A One-Day Snapshot of Aboriginal Youth in Custody Across Canada
Chapter 6 - Manitoba (continued)
6.6 Sentence Length
Figure 6.5 and table 6.5 describes the various sentence lengths being served by Aboriginal youth included in the snapshot. Twenty-two percent of youth were sentenced to custody for 150 to 199, while 16% were sentenced for 300 to 399 days, and 12% were sentenced to 50-99 days. More than two-fifths (45%) of the youth were sentenced for 1 to 199 days. Meanwhile, almost two-thirds (63%) of the youth were sentenced to 1 to 299 days. The median custody length was 244 days.
Source: One-Day Snapshot of Aboriginal Youth in Custody (2001).
Prepared by: Research and Statistics Division, Department of Justice Canada .
Data concerning sentence length must be interpreted with caution, as longer sentences are more likely to be captured in a one-day snapshot than are shorter ones; hence, the former may be over-represented in the results. Therefore, the sentence distribution in Figure 6.5 and Table 6.5 (and the median custody length) do not necessarily represent typical sentence lengths.
With respect to sentence length and gender, there was some evidence to suggest that males were slightly more likely than females to serve longer sentences. A slightly larger proportion of females than males was sentenced to custody for less than 99 days (19% versus 13%). However, similar proportions of males and females were sentenced to 199 days or less (44% and 46%, respectively). Finally, 38% of the males and 31% of the females were sentenced to 300 days or more.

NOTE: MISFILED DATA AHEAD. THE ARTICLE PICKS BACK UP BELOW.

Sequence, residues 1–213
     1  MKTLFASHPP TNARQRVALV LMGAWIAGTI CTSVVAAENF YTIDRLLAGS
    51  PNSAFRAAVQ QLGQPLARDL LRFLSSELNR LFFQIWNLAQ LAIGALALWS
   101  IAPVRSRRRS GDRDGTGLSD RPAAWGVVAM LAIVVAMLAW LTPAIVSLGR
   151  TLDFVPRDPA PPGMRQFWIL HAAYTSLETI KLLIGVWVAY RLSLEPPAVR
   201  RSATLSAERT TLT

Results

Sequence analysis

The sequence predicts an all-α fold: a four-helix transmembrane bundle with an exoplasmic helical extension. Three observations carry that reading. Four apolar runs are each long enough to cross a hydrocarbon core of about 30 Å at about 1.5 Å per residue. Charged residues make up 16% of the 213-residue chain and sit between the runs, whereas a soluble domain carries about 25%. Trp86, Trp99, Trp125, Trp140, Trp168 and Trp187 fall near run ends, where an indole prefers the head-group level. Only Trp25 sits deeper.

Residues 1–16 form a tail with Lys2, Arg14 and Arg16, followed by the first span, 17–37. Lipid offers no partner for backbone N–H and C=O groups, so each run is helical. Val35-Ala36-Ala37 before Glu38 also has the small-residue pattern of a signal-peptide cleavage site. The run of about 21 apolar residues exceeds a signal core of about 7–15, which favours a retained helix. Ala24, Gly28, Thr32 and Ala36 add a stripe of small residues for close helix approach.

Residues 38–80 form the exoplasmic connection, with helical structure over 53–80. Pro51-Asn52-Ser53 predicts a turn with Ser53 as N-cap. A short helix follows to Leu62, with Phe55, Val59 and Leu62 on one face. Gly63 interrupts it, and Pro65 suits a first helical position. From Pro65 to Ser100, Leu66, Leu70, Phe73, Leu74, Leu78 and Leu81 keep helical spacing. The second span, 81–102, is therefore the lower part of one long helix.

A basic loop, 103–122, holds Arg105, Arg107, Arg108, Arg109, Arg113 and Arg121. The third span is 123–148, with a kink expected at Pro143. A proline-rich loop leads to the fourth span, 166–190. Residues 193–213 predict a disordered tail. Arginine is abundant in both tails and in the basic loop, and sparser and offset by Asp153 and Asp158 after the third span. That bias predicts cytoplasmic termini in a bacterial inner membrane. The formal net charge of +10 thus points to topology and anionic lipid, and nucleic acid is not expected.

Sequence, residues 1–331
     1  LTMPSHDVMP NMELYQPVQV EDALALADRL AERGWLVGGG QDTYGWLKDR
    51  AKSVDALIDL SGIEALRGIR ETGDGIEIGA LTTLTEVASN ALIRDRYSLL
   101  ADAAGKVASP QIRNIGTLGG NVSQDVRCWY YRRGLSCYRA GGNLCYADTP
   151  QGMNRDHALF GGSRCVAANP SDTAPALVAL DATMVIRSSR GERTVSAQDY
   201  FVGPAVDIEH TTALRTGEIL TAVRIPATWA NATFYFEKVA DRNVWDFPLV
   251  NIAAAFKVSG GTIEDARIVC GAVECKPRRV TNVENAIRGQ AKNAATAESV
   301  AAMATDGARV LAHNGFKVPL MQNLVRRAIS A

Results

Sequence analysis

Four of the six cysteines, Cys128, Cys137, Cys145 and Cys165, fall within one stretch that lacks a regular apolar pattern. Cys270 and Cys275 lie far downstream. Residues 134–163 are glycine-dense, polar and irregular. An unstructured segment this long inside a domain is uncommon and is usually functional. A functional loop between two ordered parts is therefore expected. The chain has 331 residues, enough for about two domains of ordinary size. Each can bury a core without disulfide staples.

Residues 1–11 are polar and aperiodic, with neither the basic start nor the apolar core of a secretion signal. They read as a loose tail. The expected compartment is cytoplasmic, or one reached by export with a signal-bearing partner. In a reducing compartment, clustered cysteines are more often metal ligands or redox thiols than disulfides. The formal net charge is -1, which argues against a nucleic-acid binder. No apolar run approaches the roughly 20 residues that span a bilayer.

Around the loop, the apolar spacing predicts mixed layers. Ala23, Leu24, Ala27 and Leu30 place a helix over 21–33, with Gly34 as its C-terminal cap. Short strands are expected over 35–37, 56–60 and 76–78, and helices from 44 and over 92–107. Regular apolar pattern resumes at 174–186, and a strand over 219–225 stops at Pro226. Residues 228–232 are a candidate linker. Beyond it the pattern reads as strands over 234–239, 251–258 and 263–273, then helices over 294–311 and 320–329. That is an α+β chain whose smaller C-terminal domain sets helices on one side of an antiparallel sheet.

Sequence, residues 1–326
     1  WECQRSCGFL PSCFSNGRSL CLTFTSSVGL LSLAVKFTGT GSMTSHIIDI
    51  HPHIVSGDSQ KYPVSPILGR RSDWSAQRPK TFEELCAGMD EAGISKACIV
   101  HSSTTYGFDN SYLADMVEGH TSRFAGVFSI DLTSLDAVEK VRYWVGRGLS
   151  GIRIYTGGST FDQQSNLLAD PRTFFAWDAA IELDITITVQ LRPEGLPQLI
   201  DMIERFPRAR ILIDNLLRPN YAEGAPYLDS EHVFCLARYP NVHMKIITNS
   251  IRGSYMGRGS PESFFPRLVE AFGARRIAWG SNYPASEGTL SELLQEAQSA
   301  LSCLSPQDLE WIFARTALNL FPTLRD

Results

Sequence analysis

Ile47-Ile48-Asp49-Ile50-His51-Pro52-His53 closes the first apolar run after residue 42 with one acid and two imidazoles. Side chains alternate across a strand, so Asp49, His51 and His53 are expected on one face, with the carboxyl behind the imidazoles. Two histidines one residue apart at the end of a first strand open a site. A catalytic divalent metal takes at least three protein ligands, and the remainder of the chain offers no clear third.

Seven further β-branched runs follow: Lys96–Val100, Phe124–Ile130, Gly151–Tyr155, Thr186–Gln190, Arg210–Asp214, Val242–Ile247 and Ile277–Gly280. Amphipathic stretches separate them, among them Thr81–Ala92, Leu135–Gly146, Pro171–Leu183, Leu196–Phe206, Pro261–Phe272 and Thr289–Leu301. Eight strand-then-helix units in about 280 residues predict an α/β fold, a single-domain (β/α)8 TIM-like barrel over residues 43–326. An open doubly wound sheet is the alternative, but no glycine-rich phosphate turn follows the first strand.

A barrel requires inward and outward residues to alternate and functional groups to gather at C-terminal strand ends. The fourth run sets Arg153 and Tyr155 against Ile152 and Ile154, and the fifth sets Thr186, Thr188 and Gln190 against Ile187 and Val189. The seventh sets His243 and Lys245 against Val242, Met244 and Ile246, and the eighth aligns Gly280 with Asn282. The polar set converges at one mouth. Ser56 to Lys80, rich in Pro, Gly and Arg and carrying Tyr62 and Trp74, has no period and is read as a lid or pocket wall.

Older youth tended to serve longer sentences in comparison to younger youth. For instance, 68% of those 18 years of age and older were serving a sentence for 200 days or more, compared to 52% of the 16-17 year olds and 41% of the 14-15 year olds. Meanwhile, 37% of the 14-15 year olds were serving a sentence of 149 days or less, compared to 21% of the 15-16 year olds and 19% of those 18 years of age and older. However, revealing that older youth were serving longer sentences than younger youth was expected given that older youth were most likely to have an MSO or MSC for a crime against the person - offences that typically receive longer sentences. It also helps explain why someone over the age of 18 is still within a youth facility (see Table 6.5).
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